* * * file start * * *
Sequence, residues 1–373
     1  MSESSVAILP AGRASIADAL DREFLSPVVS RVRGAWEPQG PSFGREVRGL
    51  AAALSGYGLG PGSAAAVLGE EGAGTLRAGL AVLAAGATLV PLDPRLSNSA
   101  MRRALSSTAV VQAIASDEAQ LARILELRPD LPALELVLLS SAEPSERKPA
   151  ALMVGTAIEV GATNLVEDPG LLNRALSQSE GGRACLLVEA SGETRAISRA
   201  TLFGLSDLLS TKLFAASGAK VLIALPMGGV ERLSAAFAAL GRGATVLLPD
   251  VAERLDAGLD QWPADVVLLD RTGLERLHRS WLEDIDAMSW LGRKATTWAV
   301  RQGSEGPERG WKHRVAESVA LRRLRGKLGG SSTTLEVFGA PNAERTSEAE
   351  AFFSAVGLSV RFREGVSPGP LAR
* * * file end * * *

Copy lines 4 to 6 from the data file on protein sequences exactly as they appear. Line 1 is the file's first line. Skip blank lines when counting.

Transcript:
   101  MRRALSSTAV VQAIASDEAQ LARILELRPD LPALELVLLS SAEPSERKPA
   151  ALMVGTAIEV GATNLVEDPG LLNRALSQSE GGRACLLVEA SGETRAISRA
   201  TLFGLSDLLS TKLFAASGAK VLIALPMGGV ERLSAAFAAL GRGATVLLPD